Sunlight the best disinfectant

‘Publicity is justly commended as a remedy for social and industrial diseases, Sunlight is said to be the best of disinfectants, electric light the most efficient policeman’ - Mr Justice Brandeis, the US Supreme Court.

Nevertheless trying to attract publicity can be an uphill struggle. In much of the Third World and all the Soviet bloc the media’s role is confined to toadying and posturing before the regime in power. Embarrassing the powerful is not in its brief. Even the Western press, radio and television are muzzled in many countries by anachronistic censorship legislation, like the Official Secrets Act in Britain or the extraordinarily tight libel legislation in Australia. This cuts down but doesn’t stop the policing function of the media. The New Internationalist is one of a number of publications prepared to put public safety and freedom from exploitation before a quiet and safe editorial life.

If you think your company is involved in any aspect of dumping, consult the check list alongside, and think about whistle-blowing. Write to us, with photostat copies of company documents if possible. We’ll keep your name totally confidential, or you can even write anonymously.

This article draws heavily on ‘Conscientious Objectors at work' Mental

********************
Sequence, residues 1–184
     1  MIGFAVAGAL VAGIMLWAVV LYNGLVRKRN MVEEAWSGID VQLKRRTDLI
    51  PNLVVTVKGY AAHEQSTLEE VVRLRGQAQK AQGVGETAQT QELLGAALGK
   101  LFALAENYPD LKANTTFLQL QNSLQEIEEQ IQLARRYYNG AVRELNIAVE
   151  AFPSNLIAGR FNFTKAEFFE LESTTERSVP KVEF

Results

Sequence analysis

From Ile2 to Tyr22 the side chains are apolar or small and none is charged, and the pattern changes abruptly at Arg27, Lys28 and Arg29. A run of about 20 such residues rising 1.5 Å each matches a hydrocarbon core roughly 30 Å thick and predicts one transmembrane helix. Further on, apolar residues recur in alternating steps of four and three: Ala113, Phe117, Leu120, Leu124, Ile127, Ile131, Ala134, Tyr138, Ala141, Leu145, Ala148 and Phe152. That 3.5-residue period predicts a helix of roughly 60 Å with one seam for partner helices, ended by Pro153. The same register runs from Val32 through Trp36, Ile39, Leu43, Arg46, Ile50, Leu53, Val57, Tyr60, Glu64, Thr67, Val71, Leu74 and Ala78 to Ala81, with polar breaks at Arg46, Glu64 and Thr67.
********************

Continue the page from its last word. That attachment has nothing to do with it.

Hospital Nurses - a case study; by Virginia Beardshaw SocialAudit.

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Checklist for whistle-blowers

1 Identify your issues carefully.

2 Document the problem thoroughly. Double-check your information. Gather statistics, memoranda or other data to support your worries. Make sure you are right.

3 Mention the problem to your immediate supervisor (if possible)

4 Re-contact the supervisor if there is no, or only token, action. Keep a record of this time.

5 If nothing changes, then consider the possibilities of whistle-blowing.

6 Identify who will suffer if the problem goes unchanged. How much suffering will occur? Be able to speak knowledgeably about the human costs of inaction. And isolate just who is benefiting from the continuation of the problem.

7 Identify the laws and regulations which relate to the issue.

8 Find an internal counsellor with whom you can share your concerns, who can be a sounding board and give good advice. Of course be sure that you can trust them.

9 Observe correct decorum. Your concerns are liable to give offence. Do not allow holier-than-thou attitudes, bad language or evens strange clothes to give cause for dismissing your views.

10 Be a hardworker in your office. Make sure you cannot be criticised for being incompetent. Keep evidence of your conscientiousness.

11 Consult with your family, let them know you might all be the subject of slander.

12 Examine your need. Are you willing to go through a good deal of suffering because your cause is decent and honourable? Understand you might not win. Anticipate your suffering. Do you have the stamina for blowing the whistle?

13 Develop an action plan.

14 Select issues which are in line with accepted understanding of what is right and wrong. Do not select issues where society would not agree with your concern.

15 Be prepared to propose an answer to the problem if possible.

This is an amended checklist of the Development Disabilities Rights
Center by B.Biklen & M. Baker. Syrecuse University New York.